BTW, for the person who mentioned royalties, I would say the MPEG-LA didn't get to where they are today by being stupid. Presuming there must be one of VP9 or Daala or something else (Intel/Real NGV perhaps?) which will be sufficiently improved over H264, even if not able to compete with H265, they have to be careful not to price themselves out of the market. As others have said, there are plenty of areas, particularly streaming videos and legal downloads where plenty of people would love to have smaller files or higher quality even for 1080p. Bandwidth is improving, but not that fast.
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Old 1st May 2013, 14:42   #157  |  Link
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Hype victim.

There are very few people willing to spend a week on a movie.
Not really, if the gains are big enough.

Do you know how long it takes to render a photorealistic image for some architecual design (what i partially do for a living), not to mention render special effects for some movie or an entire CG movie?

It always makes me smile when i see some comments on here from ppl complaining about 2fps encodes on their laptops.

A movie only needs to be encoded once for disc distribution. After that its just copies. So what even if it takes a whole weekend. Is that really such a big problem??

Sure, broadcasting and other areas where realtime encodes might be required is another story but i dont think thats the current target they have in mind. H264 is still more than capable (as mentioned many times here already). Its not because there is H265 that you suddenly arent allowed to use H264 anymore... And when the hardware catches up, switch to H265 if you want.

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Old 1st May 2013, 15:09   #158  |  Link
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Old 16th May 2013, 19:51   #159  |  Link
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Originally Posted by paradoxical View Post
There were more than a billion VCRs sold when DVD came out. There were more than a billion DVD players sold when BluRay came out. Did you fight against those things coming out as well? I really don't see how it's a different scenario other than you've just made an arbitrary line. H.264 deserves no special place of being considered irreplaceable versus any other video codec or format.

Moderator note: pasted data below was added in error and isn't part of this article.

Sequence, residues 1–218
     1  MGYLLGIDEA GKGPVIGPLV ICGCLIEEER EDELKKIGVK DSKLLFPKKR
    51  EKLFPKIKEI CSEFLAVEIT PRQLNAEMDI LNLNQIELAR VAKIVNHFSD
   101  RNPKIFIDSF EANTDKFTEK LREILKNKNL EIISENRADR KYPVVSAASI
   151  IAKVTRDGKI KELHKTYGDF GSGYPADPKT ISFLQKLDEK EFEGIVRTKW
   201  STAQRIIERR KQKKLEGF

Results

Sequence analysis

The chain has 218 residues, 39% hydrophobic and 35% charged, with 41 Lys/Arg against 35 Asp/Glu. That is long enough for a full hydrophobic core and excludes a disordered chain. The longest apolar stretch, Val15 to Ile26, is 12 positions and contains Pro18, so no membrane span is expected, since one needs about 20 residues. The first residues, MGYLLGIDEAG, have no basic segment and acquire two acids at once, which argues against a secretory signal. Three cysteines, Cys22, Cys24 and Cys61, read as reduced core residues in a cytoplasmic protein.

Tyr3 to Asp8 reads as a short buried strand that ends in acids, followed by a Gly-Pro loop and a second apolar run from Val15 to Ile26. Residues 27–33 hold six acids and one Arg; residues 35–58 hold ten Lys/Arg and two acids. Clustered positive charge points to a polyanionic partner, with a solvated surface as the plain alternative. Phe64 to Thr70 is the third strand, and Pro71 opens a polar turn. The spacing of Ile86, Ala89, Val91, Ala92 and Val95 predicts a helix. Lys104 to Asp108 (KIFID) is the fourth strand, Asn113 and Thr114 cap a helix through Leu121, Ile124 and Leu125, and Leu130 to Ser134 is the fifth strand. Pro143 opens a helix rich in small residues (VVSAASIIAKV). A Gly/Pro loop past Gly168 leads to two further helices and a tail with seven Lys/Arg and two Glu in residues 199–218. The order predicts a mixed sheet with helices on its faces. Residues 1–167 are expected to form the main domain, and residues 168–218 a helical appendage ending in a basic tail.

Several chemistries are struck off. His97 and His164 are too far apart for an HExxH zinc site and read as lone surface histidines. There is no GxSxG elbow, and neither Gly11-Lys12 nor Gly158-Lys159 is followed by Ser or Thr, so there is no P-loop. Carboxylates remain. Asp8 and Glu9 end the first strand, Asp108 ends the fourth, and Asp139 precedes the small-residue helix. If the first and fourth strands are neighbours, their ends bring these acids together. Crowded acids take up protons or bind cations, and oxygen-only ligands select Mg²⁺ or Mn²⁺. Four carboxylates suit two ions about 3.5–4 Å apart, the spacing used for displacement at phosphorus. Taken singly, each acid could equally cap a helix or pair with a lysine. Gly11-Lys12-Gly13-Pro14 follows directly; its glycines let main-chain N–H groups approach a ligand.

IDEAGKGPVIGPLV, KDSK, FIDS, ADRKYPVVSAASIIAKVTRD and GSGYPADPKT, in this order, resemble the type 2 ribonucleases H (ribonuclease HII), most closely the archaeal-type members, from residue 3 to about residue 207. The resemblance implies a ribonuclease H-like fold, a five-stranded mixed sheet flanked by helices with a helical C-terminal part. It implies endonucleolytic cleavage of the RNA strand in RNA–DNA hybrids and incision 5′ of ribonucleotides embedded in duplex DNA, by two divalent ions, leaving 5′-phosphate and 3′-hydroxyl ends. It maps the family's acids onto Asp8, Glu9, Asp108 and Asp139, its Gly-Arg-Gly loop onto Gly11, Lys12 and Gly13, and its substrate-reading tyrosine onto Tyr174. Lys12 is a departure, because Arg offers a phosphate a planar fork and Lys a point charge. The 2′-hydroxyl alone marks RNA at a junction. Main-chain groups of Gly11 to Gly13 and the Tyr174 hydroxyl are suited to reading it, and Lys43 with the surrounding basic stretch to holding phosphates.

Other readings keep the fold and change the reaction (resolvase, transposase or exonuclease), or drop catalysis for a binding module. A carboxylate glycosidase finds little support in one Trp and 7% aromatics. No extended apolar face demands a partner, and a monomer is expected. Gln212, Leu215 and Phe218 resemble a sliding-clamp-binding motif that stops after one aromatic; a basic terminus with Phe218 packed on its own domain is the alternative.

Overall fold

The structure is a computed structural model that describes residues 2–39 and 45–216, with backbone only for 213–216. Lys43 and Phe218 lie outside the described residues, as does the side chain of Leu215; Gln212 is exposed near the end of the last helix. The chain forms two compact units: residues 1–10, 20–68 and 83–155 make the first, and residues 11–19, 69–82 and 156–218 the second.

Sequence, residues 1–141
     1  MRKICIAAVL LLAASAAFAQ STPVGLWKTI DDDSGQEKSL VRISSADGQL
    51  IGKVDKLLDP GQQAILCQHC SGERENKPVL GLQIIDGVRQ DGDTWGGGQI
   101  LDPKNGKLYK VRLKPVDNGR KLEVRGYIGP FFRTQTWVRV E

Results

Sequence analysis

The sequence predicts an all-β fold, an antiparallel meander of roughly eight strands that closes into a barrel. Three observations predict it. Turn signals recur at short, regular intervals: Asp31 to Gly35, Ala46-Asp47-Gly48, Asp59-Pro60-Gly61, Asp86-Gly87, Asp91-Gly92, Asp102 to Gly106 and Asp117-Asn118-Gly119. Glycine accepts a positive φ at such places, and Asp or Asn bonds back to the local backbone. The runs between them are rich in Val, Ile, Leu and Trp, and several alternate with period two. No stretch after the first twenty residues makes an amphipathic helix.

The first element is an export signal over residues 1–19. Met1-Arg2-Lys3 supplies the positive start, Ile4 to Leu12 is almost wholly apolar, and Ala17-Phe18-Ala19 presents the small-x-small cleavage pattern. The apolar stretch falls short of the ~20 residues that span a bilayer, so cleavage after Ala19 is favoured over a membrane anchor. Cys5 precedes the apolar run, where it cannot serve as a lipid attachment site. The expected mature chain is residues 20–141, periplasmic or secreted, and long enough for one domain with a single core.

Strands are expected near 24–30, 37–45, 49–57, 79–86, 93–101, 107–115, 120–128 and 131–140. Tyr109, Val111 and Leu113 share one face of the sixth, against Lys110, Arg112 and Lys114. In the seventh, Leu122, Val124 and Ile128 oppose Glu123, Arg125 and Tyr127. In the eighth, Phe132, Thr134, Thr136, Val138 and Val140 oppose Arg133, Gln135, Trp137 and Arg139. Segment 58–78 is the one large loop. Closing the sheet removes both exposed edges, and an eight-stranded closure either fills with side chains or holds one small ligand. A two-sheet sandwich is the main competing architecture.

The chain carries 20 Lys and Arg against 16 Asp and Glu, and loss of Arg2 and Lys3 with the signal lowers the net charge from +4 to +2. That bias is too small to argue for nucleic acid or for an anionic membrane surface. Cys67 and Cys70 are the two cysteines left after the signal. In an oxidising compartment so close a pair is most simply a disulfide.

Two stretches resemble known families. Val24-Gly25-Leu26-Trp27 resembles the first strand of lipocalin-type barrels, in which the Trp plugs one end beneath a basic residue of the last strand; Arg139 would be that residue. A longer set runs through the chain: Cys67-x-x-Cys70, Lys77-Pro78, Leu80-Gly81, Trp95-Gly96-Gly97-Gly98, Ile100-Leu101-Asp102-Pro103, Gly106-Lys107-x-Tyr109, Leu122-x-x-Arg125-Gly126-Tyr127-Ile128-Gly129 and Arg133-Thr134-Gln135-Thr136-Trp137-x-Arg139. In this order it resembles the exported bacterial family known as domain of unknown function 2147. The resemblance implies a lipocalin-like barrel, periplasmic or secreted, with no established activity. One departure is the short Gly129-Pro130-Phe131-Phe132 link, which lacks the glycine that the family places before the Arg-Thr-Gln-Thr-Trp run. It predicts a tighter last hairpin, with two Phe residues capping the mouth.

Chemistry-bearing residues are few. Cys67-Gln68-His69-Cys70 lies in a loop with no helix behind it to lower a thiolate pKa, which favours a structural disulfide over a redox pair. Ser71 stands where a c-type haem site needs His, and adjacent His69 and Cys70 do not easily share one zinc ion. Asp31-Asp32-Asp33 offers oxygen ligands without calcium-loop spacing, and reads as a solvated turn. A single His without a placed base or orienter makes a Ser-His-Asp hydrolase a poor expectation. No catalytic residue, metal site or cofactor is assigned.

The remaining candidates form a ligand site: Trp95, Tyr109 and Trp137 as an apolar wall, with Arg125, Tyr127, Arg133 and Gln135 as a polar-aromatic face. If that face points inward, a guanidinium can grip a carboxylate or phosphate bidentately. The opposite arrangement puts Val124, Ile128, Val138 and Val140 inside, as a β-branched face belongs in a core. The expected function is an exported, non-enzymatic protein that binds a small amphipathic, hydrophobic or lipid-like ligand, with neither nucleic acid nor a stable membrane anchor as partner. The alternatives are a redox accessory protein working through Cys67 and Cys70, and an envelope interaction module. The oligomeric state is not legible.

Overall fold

You're talking about the past. I'm talking about now. Apples and oranges.

Facts:

1. H.264 is still technically advanced--we're not talking about VCR or DVD quality, and to the best of my knowledge, very few people complain about well-encoded H.264 at 1080p. 4k, sure, whatever, but we're reaching a point of pretty significant diminishing returns, in my opinion. I don't get the impression the typical consumer cares.
2. H.264 has royalty issues. Those go away if you wait long enough. For how long are we planning on letting MPEG-LA hold companies over a barrel? At what point does optimizing along codecs no longer matter when bandwidth and storage space are consistently becoming less of an issue? (and if you think this is nonsense, consider nobody's really seriously cared about updating JPEG for a solid twenty years--because the savings simply don't justify the pain of updating the world)
3. Unlike previous codecs, H.264 really does enjoy an unprecedented amount of support. I cannot think of a previous format that is as ubiquitous. That alone makes it very hard to migrate away from: moving to something with effectively zero support while still maintaining support for old products isn't trivial.

I think over time, yes, H.265 and/or VP8 and/or VP9 will enjoy hardware support, but given the proliferation of H.264...codified as a standard among Windows 7, OSX, iOS, android, blue-ray formats, and so on....that's going to be a lot more difficult than it's previously been, particularly given that the value-add (making already great looking video look....better?) is hard to communicate to a typical customer.

My point really boils down to: there's a diminishing return on investment with these video codecs, particularly given some realities about royalties, network speeds, storage requirements and so forth. I feel we're already near it with H.264, and at some point....it's just a royalties carrot on a stick.